Gov. Dennis Daugaard today released an After-Incident Report on last month’s escape attempt at the South Dakota State Penitentiary that resulted in the death of corrections officer Ronald Johnson. The report outlines policy and procedural modifications that have been adopted by the DOC since the incident, including the addition of more corrections officers, more cameras and personal body alarms for corrections staff.
Obamacare is like turnip greens: bitter and hard to swallow, but Mommy made you choke them down anyway. The difference is that turnip greens are constitutional (though perhaps they shouldn’t be). When one’s stated goal is to “fundamentally transform America,” the U.S. Constitution, as intended by our nation’s founding visionaries, becomes a significant encumbrance rather than an instrument of freedom. It’s little wonder that exceeding constitutional authority has become the defining hallmark of this, the most radical presidential administration in American history.
One man does not make a movement and one leader does not encompass the enemy in an irregular war. This is especially true in the case of Bin Laden and his brain child Al-Qaeda. This organization is post-modern or perhaps pre-modern in style. These international conspirators are not united by personal contacts or unified by strategic planning; instead they’re forged into an inter-active whole by solidarity of purpose and continuity of world-view. In such a structure the death of any one person no matter how highly placed or inspirational will not have more than a marginal impact.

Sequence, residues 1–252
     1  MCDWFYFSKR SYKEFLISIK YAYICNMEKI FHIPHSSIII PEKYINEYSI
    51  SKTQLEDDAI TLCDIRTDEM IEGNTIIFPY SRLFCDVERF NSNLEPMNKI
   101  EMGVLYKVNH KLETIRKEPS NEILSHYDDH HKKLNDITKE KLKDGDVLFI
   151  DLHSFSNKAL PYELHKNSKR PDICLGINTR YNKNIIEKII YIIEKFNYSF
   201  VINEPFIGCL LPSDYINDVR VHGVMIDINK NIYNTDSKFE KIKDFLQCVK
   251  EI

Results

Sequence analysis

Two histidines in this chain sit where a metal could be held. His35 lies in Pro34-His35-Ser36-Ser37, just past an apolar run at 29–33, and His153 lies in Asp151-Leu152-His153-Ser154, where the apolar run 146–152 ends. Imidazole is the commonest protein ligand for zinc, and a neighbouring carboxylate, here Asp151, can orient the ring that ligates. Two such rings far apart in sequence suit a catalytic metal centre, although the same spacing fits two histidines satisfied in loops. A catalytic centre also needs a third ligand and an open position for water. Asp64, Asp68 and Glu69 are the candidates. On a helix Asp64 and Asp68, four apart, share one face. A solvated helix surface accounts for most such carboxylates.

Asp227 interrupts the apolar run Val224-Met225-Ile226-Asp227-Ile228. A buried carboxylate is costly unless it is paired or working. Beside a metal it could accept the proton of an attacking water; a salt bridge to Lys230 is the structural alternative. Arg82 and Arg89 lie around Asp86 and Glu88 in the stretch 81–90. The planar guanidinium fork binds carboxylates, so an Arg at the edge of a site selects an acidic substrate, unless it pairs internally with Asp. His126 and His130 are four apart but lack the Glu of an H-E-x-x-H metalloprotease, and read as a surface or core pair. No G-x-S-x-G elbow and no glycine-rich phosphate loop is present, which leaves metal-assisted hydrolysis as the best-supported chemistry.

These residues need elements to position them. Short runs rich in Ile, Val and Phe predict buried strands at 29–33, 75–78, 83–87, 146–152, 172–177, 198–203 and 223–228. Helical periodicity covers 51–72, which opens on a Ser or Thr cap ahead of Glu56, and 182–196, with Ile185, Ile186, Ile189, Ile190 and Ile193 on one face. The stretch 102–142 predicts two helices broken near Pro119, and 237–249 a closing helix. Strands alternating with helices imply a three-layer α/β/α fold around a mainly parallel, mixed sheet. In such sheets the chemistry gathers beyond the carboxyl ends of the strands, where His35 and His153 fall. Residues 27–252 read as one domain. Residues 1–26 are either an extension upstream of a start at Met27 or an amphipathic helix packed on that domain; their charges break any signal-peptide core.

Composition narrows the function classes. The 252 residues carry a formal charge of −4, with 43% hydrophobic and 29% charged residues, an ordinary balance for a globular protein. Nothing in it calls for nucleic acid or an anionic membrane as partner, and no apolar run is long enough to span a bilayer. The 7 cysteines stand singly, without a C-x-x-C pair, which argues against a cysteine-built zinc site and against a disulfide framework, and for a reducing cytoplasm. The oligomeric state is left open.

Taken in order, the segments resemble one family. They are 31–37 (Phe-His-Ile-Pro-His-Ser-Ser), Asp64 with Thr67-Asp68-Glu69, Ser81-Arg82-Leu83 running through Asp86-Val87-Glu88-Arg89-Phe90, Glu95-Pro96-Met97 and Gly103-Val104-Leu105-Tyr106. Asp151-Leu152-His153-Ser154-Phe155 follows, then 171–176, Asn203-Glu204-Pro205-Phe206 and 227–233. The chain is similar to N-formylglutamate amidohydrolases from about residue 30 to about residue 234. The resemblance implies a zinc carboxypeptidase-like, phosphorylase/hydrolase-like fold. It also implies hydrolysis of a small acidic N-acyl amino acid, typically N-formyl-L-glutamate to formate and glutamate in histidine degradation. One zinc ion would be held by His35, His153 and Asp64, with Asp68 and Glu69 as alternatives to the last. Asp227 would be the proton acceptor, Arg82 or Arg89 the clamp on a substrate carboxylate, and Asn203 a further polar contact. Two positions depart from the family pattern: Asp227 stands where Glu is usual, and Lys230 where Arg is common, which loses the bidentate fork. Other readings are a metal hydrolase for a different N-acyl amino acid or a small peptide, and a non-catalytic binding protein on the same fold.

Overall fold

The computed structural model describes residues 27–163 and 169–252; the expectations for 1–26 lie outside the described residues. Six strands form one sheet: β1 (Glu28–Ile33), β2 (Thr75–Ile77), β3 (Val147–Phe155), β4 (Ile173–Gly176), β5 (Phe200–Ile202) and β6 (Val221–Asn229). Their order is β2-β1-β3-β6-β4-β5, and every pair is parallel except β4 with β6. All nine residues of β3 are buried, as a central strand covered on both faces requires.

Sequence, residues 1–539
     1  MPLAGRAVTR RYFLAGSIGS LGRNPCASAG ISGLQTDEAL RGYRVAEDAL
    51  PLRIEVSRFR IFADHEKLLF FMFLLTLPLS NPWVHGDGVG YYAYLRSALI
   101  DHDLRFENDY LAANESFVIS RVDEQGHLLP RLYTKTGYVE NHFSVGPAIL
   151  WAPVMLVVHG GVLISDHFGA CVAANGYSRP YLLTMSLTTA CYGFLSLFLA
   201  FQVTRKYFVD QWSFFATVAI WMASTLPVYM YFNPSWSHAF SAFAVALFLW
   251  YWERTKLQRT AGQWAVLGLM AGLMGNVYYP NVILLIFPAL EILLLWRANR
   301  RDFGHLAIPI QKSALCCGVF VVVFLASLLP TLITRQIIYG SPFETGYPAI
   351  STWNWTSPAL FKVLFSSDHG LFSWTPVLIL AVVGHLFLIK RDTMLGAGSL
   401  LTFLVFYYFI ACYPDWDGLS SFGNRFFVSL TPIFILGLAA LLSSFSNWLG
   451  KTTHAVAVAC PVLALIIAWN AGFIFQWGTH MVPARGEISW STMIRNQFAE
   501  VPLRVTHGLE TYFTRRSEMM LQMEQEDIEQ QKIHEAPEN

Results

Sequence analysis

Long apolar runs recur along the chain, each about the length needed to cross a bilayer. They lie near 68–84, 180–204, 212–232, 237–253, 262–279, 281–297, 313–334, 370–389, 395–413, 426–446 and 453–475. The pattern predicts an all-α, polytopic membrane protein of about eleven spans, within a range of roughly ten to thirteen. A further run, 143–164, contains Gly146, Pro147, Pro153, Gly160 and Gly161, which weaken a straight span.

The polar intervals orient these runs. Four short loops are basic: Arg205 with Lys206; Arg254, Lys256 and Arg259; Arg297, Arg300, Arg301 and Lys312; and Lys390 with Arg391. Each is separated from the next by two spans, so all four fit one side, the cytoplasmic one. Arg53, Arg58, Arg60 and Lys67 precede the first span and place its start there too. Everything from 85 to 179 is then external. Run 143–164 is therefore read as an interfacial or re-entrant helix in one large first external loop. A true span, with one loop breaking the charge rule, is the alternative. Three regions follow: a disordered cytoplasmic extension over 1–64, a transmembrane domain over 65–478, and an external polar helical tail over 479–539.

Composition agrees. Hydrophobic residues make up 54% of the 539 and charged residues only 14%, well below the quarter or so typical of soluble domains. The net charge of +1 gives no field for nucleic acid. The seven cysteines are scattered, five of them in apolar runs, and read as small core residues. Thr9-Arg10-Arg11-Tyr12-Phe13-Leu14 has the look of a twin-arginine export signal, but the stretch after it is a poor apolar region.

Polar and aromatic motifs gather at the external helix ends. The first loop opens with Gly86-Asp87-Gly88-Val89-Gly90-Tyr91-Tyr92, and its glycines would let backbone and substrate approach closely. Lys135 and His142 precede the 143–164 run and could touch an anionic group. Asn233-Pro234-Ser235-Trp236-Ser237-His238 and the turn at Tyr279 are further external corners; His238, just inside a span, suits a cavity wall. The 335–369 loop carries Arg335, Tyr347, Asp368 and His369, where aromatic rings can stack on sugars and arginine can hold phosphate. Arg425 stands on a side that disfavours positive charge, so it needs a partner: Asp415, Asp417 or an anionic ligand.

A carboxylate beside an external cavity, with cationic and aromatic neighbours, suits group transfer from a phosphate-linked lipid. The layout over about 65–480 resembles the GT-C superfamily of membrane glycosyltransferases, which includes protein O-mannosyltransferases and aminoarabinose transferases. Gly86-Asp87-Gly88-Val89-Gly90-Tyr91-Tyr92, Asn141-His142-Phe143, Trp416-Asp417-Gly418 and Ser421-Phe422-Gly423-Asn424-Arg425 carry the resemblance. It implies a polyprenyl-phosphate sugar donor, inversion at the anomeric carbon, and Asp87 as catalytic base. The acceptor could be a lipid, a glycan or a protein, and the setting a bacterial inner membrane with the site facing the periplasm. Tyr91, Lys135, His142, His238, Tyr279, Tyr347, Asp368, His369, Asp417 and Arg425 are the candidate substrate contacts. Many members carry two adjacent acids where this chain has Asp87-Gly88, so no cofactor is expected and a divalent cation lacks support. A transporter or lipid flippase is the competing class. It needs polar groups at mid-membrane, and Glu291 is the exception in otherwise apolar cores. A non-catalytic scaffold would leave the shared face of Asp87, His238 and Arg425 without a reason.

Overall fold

A common temptation is to judge our well-being not by what we have but by how much we have compared to others. Families at today’s poverty level live as well as the upper middle class did a few decades ago. Nevertheless, they still feel deprived. Luxuries ultimately disappoint us as we become accustomed to a higher standard of living. An indulgent purchase loses its luster, and the satisfaction it brings is fleeting.
Last year, a senior citizen woman who was a client brought her grandson to our agency for health insurance. The young man was in his twenties and had served our country in Afghanistan. His TRICARE coverage ended in late 2010. Carol Quaglia was able to help the man get a short term health insurance policy that lasted six months. He had trouble getting health care because he was still under medication for post traumatic stress disorder from his service in Afghanistan.
Journalism 101 should note there are two kinds of news–good and bad. One definition of the news is the reporting what is the unusual. Good news isn’t always noteworthy in the minds of some people. Another definition of news is the reporting of current events. I’ll touch on that later in another column. Good news deserves to be read as well as all the murders, car crashes and obituaries that appear in most newspapers.